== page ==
"I think it's completely accurate to say LeSean McCoy and anyone else allegedly involved in this incident are not totally cleared," Bruce Castor, the state's solicitor general, told Walt Hunter of CBS Eyewitness News. The state attorney general isn't the only party that plans to investigate the fight at the Recess Lounge. The NFL Players Association is also expected to investigate as well.

    McCoy's attorney, Dennis Cogan, didn't seem too worried. He said that he has a high regard for
    Bruce Castor's professionalism and was confident that Castor would find no abuse of discretion by the D.A. in his decision not to prosecute.

    Shady McCoy "is in the clear because he did nothing wrong," Cogan said.

    "They've spent a tremendous amount of time and public resources investigating a barroom fight," said Cogan, who described the D.A.'s investigation of the incident at the Recess Lounge as "almost unprecedented."

    "They interviewed 27 witnesses," Cogan said of the D.A.'s nine-week investigation. "Their conclusions coincide with ours. Shady didn't start the fight. He didn't continue the fight. What he did for a matter of seconds was he tried to break it up."

    Officer Roland Butler "had his hands around" Tamarcus Porter's neck, Cogan said. What was McCoy supposed to do when, according to witnesses, he saw the huge Officer Butler on the ground on top of Porter with his hands around Porter's neck, Cogan said.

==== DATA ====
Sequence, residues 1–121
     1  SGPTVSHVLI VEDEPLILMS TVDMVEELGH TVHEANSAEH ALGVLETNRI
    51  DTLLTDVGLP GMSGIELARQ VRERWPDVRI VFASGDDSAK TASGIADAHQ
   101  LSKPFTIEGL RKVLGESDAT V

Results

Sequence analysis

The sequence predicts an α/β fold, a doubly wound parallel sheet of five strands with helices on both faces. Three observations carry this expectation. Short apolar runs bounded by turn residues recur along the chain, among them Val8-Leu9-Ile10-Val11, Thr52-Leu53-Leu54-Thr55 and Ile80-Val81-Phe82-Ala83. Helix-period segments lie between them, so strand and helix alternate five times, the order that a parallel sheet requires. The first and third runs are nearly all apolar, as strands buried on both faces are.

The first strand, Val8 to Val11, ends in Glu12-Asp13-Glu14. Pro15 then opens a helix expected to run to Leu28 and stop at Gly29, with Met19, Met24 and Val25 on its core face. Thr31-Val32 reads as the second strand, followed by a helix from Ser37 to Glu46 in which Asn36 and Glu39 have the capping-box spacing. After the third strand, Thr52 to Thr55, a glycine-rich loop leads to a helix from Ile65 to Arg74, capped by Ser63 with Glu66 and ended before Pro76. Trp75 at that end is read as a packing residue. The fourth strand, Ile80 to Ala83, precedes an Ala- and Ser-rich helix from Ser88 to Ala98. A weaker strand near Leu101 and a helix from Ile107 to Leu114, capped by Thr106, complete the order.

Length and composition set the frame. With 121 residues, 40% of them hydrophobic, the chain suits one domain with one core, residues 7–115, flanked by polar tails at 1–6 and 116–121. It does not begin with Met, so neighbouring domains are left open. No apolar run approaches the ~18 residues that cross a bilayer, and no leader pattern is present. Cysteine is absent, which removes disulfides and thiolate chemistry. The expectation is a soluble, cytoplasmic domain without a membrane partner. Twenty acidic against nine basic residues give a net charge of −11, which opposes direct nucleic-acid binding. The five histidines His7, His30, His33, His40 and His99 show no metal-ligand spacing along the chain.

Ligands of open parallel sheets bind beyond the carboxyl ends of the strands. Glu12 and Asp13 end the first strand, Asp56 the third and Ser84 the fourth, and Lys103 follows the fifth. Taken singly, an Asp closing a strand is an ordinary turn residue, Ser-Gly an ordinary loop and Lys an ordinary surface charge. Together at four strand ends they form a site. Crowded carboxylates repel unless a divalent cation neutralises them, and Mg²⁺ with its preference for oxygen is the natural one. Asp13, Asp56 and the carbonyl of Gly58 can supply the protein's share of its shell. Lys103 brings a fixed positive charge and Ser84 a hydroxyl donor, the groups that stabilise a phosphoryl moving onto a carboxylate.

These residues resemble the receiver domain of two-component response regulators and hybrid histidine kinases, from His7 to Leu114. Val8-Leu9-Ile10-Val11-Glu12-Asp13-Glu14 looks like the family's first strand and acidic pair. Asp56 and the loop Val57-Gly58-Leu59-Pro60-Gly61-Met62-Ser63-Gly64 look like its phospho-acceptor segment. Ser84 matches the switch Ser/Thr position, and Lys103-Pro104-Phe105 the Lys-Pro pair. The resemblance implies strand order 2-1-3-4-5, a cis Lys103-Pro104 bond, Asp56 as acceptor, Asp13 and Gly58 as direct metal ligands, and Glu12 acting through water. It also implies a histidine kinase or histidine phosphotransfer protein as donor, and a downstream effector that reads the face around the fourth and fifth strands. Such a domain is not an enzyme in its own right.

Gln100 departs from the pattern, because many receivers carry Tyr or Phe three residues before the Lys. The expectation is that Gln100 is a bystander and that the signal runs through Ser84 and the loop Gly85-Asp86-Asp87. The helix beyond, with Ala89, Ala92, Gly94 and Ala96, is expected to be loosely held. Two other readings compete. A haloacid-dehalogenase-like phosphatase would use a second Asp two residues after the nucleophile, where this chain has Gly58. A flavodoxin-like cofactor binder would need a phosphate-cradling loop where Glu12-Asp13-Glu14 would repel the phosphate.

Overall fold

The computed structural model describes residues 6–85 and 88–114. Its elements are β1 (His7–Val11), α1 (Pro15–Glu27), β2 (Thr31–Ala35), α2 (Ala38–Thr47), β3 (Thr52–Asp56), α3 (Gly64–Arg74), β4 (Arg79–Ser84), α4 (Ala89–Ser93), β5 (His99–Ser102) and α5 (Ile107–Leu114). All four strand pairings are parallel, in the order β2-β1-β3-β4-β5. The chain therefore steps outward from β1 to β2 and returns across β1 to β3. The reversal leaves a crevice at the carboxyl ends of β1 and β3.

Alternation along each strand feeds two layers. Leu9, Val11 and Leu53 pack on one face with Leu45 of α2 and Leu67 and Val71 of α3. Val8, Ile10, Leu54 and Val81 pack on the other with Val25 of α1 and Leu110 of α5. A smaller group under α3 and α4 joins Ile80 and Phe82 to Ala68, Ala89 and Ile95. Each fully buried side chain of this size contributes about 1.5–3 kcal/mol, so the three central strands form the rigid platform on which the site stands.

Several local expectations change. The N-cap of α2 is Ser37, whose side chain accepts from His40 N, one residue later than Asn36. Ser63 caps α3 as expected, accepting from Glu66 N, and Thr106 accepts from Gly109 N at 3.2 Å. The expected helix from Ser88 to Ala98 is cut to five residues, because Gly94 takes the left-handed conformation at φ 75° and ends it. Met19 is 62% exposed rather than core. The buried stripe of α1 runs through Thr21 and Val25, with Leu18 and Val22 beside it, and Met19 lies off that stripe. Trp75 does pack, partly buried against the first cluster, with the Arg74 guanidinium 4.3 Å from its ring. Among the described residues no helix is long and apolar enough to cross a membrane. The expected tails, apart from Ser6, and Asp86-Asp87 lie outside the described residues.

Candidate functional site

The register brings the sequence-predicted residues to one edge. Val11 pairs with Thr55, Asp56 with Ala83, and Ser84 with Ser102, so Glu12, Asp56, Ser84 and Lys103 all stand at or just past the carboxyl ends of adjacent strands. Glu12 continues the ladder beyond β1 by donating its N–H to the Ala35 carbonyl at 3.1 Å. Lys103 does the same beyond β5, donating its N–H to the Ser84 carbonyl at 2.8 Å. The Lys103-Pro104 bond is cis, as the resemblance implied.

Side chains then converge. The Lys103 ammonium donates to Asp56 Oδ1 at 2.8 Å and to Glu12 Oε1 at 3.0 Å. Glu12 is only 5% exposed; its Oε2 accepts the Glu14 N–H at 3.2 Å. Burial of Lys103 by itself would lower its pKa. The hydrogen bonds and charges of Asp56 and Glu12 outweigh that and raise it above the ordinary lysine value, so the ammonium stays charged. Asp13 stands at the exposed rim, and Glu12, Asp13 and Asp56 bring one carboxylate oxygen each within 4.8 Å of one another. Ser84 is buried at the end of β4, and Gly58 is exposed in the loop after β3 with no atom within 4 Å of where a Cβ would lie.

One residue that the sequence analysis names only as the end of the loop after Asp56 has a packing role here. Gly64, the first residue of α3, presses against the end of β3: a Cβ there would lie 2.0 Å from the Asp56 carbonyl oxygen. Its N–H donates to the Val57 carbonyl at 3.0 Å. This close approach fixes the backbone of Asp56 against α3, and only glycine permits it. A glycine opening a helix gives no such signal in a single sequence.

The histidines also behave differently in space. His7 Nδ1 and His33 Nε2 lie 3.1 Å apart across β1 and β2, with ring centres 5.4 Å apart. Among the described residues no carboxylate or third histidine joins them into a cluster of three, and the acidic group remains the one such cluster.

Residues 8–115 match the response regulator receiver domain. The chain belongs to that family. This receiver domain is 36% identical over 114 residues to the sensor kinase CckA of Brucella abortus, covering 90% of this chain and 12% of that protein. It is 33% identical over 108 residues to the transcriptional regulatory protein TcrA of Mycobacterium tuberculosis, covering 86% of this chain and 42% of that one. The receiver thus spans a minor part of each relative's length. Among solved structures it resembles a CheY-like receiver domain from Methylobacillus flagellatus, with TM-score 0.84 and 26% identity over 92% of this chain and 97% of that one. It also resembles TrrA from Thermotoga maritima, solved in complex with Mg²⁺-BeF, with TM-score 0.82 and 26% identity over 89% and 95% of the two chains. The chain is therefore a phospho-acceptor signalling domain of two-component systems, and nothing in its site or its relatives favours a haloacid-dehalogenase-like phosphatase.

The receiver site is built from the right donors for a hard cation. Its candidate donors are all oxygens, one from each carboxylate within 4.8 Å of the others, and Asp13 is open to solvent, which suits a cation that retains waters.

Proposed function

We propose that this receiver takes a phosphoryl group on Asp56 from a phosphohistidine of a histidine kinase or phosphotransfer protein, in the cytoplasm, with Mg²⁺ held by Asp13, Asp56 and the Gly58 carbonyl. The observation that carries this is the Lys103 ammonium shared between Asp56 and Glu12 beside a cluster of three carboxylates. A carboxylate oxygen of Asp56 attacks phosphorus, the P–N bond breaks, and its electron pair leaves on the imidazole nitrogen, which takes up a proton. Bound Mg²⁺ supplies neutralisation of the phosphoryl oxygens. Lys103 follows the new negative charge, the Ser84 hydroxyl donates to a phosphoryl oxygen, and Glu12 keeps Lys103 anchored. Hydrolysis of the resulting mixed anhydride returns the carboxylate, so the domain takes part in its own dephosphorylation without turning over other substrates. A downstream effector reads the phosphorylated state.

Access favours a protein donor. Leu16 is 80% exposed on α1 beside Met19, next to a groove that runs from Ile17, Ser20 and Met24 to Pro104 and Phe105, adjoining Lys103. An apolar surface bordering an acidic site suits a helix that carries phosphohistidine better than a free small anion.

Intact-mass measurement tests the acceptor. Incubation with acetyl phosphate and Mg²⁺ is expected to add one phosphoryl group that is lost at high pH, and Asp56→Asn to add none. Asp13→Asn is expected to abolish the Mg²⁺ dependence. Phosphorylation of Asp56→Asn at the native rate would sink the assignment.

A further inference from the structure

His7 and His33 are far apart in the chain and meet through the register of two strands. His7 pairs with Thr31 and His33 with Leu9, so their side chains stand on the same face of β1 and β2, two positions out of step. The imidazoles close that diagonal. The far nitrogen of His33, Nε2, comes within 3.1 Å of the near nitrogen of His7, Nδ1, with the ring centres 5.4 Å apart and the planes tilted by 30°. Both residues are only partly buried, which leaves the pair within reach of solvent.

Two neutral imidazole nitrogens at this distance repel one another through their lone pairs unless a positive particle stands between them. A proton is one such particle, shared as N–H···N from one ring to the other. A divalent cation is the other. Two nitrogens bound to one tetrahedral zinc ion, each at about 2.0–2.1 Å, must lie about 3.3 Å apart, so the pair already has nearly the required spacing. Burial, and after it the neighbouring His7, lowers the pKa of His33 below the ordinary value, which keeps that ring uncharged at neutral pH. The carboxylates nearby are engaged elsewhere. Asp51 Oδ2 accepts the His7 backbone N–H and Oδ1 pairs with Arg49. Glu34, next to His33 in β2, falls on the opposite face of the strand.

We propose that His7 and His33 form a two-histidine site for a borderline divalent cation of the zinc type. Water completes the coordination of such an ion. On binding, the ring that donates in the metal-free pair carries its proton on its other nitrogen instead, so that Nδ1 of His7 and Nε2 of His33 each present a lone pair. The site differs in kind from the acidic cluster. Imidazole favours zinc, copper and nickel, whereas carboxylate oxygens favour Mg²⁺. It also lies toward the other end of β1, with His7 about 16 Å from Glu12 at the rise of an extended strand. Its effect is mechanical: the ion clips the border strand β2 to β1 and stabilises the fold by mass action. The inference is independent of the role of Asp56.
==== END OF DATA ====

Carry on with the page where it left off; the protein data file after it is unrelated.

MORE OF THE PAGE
Chuck Ardo, a spokesman for the attorney general's office, said there was no time table set for the review.

    "I can't tell you exactly how long it will take," he said. "They have to interview witnesses for however long it takes."

    Castor told Eyewitness News that actions to reverse prosecutors' decisions are rare, require overwhelming evidence and would have to approved by a judge.

    A spokesperson for the NFL Players Association did not respond to requests for comment.

    McNesby has been on the warpath over the Recess Lounge fight because it resulted in serious injuries for two off-duty officers, Butler and Darnell Jessie. But those officers, according to witnesses interviewed by both investigators for Cogan and the D.A., had been drinking earlier in the night. Witnesses also described Officer and Butler to Cogan and the D.A. as the aggressor, both inside and outside the club.

    In addition, the officers did not call 911, the protocol for when a cop is involved in an off-duty altercation. The two officers also sought treatment for their wounds outside the city, after declining medical attention at the Recess Lounge, and also declining to press charges.

    "McNesby does these officers no favors by perpetuating this stuff," Cogan said about the fight at the Recess Lounge. "He doesn't know the facts of the case. He keeps pretending that the actions of these off-duty officers, as described by witness accounts, are representative of the department," Cogan said, which is an insult to the rest of the city's cops.

    McNesby, who told Eyewitness News, "There's a lot about this case that isn't known," could not be reached for comment.

    McNesby also told reporters that no city police officer would be voting in the future for Seth Williams.

    Cogan, a former assistant district attorney, took issue with that statement as well.

    "I don't know how he has been able to conduct such a poll," Cogan said about McNesby. "The day after Williams' announcement a half-dozen or so police officers gave me a thumb's up when I walked into the Criminal Justice Center."